“According to the American Psychological Association (APA), emotion is defined as “a complex reaction pattern, involving experiential, behavioral and physiological elements.” Emotions are how individuals deal with matters or situations they find personally significant. Emotional experiences have three components: a subjective experience, a physiological response and a behavioral or expressive response.

    Feelings arise from an emotional experience. Because a person is conscious of the experience, this is classified in the same category as hunger or pain. A feeling is the result of an emotion and may be influenced by memories, beliefs and other factors.”

  108. Michael says:

    1:6 Paul’s conviction that Timothy had genuine faith led him to urge Timothy to fan his gift into an open flame. The phrase “for this reason” is a reference to the possession of that genuine faith. Because Timothy had genuine faith, Paul urged him to set it ablaze. The expression “fan into flame” describes the act of rekindling the embers of a dying fire. The command does not imply that Timothy had let his spiritual flame go out. It is an appeal for a continual, vigorous use of his spiritual gifts. Timothy was already using his gifts vigorously (2 Tim 3:14). In the face of Paul’s impending death, he was to continue an ardent usage of his gifts. Rekindling his gifts would involve fervent prayer, obedience to God’s Word, and demonstration of an active faith by Timothy.

    The “gift” to which Paul referred was Timothy’s gift for ministry. Timothy had to function in an environment of fear, heresy, and challenges to his leadership. His gift related to administration and organization rather than evangelism. The list of duties mentioned in 4:2–5 sounds more administrative and pastoral, although Paul did urge him to “do the work of an evangelist.”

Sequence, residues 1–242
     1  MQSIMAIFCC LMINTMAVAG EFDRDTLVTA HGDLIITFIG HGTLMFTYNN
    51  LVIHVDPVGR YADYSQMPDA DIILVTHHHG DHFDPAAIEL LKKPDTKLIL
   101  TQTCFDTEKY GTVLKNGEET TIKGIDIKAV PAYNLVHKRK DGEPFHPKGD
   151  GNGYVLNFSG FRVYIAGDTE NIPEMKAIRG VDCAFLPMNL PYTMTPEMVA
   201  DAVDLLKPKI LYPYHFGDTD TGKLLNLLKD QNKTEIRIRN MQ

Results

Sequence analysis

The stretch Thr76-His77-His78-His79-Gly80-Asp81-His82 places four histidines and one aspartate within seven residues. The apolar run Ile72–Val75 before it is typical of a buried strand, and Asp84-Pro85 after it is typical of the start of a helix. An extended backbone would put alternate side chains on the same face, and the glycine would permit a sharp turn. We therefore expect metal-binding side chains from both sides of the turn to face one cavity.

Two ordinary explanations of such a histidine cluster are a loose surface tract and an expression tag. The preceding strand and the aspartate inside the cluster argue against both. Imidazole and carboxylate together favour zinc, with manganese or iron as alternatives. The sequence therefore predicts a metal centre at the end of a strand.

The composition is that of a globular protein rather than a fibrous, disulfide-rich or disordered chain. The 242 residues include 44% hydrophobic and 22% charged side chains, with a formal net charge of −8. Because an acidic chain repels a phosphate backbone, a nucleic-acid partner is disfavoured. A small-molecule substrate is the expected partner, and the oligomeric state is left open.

The reference to “laying on of … hands” is a reference to a time when Timothy’s gifts were officially recognized. The exact time and the participants in this event cannot be determined. (See discussion on 1 Tim 4:14 and Excursus 3: Ordination in the New Testament.) Paul focused only on his role in the recognition of Timothy’s gifts because he wanted to emphasize the close personal relationship between himself and Timothy.1 Barrett points out that the gift received by Timothy did not function ex opere operato. It sprang into action from the faith and commitment of the recipient.2 The act of laying on hands was itself symbolic. The laying on of hands was not the cause of Timothy’s receipt of a spiritual gift but was a visible representation and symbol of it.

    In vv. 6–7 and throughout this Epistle, Paul pictured Timothy as a younger and more hesitant colleague. He reminded Timothy of his spiritual gift for ministry in order to encourage a revitalized commitment. Paul’s approach to Timothy shows the gentleness of a seasoned pastor. He did not “order” Timothy to stir up his spiritual gift, but he reminded Timothy of the presence of the gift and the need to use it. This is not so much a command as a reminder.